This is a Ring Binder copy.
Le informazioni nella sezione "Riassunto" possono far riferimento a edizioni diverse di questo titolo.
Admitting that he takes a ``progressive critical line on the phenomenon of propaganda,'' Sproule manages to write a balanced and thoughtful analysis of propaganda in modern society, despite certain biases. Sproule's assertion that propaganda weakens democratic institutions indicts both conservatives and liberals alike. The first chapter reads like a college textbook but, once it has been sufficiently digested, the balance of the book is an enlightening (and often humorous) foray into covert activities, half-truths and special-interest practices in the arenas of government, religion, research, education, journalism and entertainment. With nods to Alexis de Tocqueville, Jacques Ellul and Walter Lippmann, the author has fashioned a fine introduction to the world of propaganda analysis. Sproule's definitions and examples of propaganda are excellent, but his suggested antidotes-persuasive oration, open public discussions and authentic community-are naive. He considers both the antebellum New England town and ancient Athenian government as archetypes for a ``true and literally political community.'' However, the effects of urbanization, industrialization and immigration have long since curtailed the likelihood of those models. Sproule's commentary is a valuable, thought-provoking examination of propaganda, but one wishes that his proposed solution to this uniquely 20th-century problem transcended narrow 19th-century conventions.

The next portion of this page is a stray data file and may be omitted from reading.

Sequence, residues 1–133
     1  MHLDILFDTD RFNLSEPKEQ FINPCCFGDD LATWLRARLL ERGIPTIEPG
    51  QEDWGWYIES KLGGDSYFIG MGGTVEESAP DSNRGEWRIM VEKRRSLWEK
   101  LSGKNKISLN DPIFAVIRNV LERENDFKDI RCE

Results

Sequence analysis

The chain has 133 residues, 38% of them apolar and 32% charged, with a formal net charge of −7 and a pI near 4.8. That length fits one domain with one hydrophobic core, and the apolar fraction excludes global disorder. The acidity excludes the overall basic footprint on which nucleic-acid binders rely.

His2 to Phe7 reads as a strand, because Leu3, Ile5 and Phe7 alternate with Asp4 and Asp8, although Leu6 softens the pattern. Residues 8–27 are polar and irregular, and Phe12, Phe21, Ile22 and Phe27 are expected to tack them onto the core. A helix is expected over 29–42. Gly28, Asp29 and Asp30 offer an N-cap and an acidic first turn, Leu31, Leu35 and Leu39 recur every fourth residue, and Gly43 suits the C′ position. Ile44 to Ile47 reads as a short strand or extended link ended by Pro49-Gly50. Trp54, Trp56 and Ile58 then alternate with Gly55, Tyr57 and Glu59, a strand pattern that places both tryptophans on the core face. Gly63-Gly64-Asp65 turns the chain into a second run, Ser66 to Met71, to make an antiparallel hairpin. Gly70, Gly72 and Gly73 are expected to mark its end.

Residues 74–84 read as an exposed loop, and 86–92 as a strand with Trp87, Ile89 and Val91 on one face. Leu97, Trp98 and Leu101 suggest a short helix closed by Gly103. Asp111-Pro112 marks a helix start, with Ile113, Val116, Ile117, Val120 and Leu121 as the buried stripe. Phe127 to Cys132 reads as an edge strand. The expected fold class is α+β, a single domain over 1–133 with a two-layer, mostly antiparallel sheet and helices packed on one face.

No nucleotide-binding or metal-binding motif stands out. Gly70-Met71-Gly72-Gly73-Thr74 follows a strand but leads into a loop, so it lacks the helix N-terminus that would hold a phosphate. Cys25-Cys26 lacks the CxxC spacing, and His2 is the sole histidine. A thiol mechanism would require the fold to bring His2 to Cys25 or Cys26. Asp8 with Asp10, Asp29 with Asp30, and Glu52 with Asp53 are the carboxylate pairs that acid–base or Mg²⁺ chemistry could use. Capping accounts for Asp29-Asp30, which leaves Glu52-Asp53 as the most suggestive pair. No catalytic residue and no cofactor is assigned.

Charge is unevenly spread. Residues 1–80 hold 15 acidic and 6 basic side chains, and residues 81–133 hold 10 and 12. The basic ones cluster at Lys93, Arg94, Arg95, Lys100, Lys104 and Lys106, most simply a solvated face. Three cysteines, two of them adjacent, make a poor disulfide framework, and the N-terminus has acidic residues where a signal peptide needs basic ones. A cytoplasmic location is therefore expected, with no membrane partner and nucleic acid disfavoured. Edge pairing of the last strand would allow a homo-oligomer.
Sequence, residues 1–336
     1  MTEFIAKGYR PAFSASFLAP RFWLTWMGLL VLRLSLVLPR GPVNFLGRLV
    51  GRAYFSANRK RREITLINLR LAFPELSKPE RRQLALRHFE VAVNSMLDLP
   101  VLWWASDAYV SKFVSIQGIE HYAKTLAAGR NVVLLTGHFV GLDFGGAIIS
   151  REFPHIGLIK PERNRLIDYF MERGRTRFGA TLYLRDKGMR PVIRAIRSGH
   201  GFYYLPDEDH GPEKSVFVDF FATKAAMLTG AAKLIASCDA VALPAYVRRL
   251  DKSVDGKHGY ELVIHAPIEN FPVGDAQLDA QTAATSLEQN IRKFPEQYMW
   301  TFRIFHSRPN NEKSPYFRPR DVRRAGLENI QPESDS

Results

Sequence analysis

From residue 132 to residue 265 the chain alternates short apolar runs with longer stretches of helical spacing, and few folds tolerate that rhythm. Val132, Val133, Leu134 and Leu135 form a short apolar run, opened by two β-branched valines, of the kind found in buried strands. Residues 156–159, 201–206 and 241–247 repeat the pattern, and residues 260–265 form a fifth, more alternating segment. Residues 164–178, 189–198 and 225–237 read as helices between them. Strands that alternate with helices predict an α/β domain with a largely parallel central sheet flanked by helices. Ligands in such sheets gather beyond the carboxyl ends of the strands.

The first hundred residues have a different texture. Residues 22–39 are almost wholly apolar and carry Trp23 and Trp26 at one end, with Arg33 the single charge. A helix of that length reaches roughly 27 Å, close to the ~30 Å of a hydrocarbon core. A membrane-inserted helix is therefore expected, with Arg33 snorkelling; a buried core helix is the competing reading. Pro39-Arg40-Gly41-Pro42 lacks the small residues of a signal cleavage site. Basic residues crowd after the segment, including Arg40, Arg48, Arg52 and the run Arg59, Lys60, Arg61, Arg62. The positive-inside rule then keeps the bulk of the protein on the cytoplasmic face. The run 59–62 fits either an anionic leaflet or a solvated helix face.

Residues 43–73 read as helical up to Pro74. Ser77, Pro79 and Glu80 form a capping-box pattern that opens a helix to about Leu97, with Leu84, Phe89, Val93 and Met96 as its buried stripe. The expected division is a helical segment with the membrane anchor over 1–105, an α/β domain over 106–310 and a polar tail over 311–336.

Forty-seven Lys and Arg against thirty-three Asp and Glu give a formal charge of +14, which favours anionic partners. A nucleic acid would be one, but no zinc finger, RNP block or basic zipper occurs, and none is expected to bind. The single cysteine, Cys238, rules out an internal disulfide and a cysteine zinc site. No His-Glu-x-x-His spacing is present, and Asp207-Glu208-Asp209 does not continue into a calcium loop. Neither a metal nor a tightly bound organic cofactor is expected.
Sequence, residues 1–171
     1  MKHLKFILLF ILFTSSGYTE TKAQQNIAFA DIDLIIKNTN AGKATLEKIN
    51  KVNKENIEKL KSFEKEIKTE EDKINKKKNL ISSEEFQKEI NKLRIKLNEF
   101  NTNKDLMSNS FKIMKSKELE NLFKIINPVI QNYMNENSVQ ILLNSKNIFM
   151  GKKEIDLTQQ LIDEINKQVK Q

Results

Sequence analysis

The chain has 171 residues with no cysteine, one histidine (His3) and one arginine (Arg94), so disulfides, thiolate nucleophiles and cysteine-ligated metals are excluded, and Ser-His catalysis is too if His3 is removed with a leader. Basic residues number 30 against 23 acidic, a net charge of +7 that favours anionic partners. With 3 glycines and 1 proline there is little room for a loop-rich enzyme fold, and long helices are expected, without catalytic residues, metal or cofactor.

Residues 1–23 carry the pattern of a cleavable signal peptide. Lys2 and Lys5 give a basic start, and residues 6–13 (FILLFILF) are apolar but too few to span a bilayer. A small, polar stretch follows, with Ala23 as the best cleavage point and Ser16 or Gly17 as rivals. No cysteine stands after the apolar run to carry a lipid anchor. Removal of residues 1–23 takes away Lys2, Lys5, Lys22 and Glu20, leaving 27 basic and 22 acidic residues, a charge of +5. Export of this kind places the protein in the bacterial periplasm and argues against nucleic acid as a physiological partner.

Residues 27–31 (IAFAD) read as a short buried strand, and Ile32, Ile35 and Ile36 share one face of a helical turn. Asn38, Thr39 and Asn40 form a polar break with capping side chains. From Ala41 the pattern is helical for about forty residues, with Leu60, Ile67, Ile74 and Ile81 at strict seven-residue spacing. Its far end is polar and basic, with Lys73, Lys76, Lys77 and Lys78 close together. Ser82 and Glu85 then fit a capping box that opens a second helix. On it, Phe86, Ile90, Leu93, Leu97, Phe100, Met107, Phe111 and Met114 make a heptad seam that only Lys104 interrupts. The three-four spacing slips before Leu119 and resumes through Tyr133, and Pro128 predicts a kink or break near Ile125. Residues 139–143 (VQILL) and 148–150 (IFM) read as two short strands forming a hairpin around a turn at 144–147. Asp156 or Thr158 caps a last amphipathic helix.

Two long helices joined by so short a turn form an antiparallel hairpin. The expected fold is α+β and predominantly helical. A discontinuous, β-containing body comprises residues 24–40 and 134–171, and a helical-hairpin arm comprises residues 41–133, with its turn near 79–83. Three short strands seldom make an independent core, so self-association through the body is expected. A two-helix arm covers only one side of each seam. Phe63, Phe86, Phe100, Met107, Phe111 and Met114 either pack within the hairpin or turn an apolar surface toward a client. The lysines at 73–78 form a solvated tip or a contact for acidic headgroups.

Copyright 1994 Cahners Business Information, Inc.
Le informazioni nella sezione "Su questo libro" possono far riferimento a edizioni diverse di questo titolo.
(nessuna copia disponibile)
Se non trovi il libro che cerchi su AbeBooks possiamo cercarlo per te automaticamente ad ogni aggiornamento del nostro sito. Se il libro è ancora reperibile da qualche parte, lo troveremo!Inserisci un desiderata